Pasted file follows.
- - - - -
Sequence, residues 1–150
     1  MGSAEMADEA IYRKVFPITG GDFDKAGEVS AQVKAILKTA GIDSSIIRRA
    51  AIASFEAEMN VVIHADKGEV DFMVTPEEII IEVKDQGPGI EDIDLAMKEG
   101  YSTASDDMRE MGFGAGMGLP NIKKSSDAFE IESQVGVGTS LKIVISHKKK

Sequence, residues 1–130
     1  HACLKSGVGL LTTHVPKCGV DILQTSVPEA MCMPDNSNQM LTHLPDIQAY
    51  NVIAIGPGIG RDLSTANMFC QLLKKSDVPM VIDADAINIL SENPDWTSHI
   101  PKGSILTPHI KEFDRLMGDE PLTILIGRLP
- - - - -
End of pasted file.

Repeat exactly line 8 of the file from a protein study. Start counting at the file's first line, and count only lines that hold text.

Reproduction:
   101  PKGSILTPHI KEFDRLMGDE PLTILIGRLP